Review: A Good Man


Steven Seagal plays a special ops guy who hides out in Romania after a botched job. Hoping to spend the rest of his days without much disturbance (working as- get this- a handyman!), he reluctantly goes to bat for pretty neighbour Iulia Verdes and her cute daughter when Verdes’ mob-tied brother Victor Webster pisses off both Russian and Chinese (veteran villain Tzi Ma) gangsters.



Hardly the best collaboration between co-writer/director Keoni Waxman and producer-star Steven Seagal (their other films include “The Keeper”, “Maximum Conviction”, and “Force of Execution”), this 2014 crime-drama is extremely mediocre. Definitely one of Seagal’s bloodier films, I just wish I cared about something here. The plot is old hat, and although Tzi Ma and Victor Webster are relatively accomplished actors, they’re not nearly enough to bring this one out of mediocrity. To be honest, it even feels like a slight step back for Seagal, if nowhere near the bottom-of-the-barrel where the likes of “The Foreigner”, “Out for a Kill”, “Attack Force”, and “Flight of Fury” reside.



On the few occasions Seagal (who suddenly adopts a Creole accent 30 odd minutes in out of nowhere) decides to get stabby and nasty with a blade, the film works, and former “Days of Our Lives” actor Victor Webster isn’t half-bad as the almost-bad guy. He’s clearly a more competent actor than most of the presumably Romanian cast, and on the odd occasion proves to be an efficient arse-kicker too (Either that or he’s much more effectively faking it than Seagal). It’s a shame he’s not the lead, because I would’ve liked to have seen more of his character, particularly in action mode. I mean it’s nice to watch Seagal slice arms off with a machete but we all know he’s only doing that because he’s too fat and slow to bust out the aikido moves. Webster could’ve opened up more opportunities story-wise, instead Waxman and co-writer Jason Rainwater (yep, that’s a real name) give us a film where Seagal’s standard special ops guy hides out in Romania and gets involved with shady Webster’s sister and her cute kid who he helps protect from the even worse guys. I mean it sounds like the kind of plot you’d find in the late 80s or early 90s as a first starring effort for whatever the ‘next big thing’ in martial arts/action movies was meant to be. Waxman’s adoption of a few annoying visual tics is straight out of the 2003-era shitty Seagal movie director playbook, however. As for veteran Asian villain Tzi Ma (who indeed did have a role in the late Brandon Lee’s first ‘real’ starring effort “Rapid Fire”), he doesn’t do anything out of the ordinary here but his character is suitably evil and it’s the kind of role he’s well-versed in. As for Seagal, his best scene is when he tortures one of the main villains. His aikido fights are occasionally impactful but mostly look like the other person is beating themselves up. I have zero problem however, believing him threatening a tied-up person and being able to make good on those threats. He may be awfully doughy, but you feel Seagal (or at least his character) at least knows how to hurt someone very, very viciously.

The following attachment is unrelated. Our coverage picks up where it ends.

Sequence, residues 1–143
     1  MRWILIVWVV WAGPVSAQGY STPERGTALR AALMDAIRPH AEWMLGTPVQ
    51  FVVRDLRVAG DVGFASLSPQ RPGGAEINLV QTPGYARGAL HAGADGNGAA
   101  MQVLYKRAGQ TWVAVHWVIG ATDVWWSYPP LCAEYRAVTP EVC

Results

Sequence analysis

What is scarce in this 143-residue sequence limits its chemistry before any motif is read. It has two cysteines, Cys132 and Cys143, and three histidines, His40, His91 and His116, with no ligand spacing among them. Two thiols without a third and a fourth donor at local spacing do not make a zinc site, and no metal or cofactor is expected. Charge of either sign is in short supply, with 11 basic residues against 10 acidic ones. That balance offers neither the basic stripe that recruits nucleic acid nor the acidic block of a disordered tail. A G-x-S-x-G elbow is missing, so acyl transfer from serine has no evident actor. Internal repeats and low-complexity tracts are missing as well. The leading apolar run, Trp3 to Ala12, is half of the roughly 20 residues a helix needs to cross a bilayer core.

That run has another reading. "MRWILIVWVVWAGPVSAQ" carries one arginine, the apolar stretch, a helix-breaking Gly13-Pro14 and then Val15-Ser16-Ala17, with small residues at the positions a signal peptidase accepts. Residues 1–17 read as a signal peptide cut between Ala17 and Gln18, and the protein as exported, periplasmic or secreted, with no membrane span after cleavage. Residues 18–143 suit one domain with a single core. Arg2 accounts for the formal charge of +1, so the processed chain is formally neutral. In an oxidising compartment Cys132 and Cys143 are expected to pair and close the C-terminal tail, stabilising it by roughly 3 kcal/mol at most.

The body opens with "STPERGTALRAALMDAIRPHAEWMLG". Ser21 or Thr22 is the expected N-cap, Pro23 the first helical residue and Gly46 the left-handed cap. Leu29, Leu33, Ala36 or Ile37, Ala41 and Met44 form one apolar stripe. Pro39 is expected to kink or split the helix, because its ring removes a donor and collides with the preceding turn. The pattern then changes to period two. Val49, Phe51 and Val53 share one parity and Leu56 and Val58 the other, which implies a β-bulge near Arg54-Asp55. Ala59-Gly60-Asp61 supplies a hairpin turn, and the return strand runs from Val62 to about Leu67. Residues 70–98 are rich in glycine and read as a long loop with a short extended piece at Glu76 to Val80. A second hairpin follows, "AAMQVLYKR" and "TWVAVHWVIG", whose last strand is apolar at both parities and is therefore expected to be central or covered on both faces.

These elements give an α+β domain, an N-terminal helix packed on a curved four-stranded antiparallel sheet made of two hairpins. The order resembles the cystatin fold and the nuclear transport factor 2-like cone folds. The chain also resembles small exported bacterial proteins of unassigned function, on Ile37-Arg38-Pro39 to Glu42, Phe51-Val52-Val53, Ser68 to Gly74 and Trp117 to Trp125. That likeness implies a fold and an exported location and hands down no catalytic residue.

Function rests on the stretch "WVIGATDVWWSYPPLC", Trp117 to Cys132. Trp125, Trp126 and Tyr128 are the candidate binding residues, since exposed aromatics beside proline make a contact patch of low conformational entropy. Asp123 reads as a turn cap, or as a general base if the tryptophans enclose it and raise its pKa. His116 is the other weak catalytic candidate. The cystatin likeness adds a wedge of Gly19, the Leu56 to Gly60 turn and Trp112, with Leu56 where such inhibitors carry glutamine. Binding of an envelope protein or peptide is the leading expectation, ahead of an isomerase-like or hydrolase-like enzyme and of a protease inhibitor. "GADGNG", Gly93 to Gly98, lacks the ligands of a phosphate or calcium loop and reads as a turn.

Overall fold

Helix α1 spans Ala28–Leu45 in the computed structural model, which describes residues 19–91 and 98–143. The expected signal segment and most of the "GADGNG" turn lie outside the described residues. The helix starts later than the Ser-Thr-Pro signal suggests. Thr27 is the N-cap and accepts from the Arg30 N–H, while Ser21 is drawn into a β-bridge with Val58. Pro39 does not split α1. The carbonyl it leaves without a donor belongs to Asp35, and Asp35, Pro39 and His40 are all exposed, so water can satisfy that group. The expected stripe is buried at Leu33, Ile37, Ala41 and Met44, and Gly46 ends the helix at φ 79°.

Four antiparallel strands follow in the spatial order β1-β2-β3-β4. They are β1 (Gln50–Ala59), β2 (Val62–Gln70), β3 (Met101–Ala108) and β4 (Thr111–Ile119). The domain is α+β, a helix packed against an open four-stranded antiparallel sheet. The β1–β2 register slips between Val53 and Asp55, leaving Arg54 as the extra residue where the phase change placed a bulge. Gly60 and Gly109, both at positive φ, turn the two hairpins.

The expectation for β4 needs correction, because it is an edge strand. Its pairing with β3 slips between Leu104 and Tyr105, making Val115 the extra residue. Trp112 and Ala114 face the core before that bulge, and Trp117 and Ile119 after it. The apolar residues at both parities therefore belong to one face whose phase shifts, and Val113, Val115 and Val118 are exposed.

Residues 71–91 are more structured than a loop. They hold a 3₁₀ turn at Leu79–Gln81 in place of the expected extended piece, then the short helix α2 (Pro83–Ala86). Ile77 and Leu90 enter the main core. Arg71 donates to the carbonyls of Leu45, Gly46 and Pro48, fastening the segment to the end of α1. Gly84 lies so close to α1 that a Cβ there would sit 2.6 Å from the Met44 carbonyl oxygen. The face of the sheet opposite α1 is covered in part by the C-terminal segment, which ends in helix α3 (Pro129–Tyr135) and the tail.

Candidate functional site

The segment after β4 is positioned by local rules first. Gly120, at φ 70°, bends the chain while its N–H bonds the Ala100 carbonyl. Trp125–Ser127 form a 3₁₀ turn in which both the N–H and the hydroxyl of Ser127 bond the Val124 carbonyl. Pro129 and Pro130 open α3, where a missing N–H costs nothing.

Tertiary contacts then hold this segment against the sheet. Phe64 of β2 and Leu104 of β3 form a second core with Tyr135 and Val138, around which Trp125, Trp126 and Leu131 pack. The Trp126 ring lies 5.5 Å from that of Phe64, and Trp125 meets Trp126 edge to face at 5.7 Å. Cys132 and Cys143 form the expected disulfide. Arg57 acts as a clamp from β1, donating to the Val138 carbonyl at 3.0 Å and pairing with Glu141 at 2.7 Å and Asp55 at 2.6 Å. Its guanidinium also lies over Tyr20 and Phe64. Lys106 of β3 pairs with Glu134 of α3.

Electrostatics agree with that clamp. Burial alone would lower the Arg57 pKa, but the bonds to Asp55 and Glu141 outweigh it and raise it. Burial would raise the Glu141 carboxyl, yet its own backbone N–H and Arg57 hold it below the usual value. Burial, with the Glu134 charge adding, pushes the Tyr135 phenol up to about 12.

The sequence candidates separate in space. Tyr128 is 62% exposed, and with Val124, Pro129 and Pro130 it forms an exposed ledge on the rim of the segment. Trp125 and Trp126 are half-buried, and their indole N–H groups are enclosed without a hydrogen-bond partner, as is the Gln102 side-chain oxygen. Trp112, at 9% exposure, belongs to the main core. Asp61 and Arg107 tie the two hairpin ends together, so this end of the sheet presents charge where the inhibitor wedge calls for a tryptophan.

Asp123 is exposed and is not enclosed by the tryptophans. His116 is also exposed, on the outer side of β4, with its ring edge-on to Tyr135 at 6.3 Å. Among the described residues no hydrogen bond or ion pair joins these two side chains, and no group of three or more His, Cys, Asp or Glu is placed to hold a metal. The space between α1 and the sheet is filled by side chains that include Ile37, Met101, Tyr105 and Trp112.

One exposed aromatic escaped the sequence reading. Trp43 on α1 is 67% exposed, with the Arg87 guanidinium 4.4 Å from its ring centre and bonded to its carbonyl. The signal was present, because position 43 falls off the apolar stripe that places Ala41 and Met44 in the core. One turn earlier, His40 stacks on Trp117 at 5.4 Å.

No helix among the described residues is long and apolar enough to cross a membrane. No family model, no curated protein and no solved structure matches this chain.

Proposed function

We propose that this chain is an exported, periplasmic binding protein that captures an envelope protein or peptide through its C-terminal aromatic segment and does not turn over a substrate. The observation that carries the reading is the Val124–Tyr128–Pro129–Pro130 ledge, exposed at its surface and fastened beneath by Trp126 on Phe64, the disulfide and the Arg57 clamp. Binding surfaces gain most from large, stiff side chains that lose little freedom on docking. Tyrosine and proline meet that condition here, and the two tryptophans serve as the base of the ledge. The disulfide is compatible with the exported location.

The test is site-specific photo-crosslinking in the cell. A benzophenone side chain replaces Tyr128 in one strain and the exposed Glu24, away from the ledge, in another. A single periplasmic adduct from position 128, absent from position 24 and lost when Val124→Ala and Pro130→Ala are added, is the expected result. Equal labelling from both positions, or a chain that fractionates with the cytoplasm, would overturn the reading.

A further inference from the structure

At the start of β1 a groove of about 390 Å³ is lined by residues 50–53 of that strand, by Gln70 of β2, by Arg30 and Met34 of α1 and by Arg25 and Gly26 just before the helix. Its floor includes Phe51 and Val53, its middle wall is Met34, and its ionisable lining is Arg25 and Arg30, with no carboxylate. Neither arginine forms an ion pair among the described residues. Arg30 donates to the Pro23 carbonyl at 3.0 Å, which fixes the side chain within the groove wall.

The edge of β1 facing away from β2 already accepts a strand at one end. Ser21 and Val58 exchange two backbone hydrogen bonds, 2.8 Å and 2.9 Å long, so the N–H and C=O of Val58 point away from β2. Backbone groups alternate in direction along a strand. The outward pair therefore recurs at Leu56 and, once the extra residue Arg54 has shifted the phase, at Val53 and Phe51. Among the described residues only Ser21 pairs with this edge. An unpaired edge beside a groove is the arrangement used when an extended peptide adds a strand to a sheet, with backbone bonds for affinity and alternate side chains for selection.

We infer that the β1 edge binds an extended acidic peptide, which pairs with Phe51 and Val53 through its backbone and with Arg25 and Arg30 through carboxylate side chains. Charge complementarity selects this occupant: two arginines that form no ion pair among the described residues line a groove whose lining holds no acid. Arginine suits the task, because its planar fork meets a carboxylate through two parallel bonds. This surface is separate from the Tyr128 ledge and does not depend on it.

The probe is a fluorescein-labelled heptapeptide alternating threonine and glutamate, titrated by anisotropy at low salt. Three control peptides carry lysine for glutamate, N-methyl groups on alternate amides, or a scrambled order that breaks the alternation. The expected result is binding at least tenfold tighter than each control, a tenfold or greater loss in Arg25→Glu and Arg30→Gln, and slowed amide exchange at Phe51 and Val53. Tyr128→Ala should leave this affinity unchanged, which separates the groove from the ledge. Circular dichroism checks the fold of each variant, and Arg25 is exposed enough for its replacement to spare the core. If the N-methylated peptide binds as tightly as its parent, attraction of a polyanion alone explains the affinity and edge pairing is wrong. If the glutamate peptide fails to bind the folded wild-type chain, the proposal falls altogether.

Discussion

This isn’t good, it’s not even one of Seagal’s better film of recent years. Stock-standard plotting, and not enough room for the clearly talented Victor Webster to shine. Bloody at times, but only enough to keep you awake, and that’s not good enough.



Rating: C+

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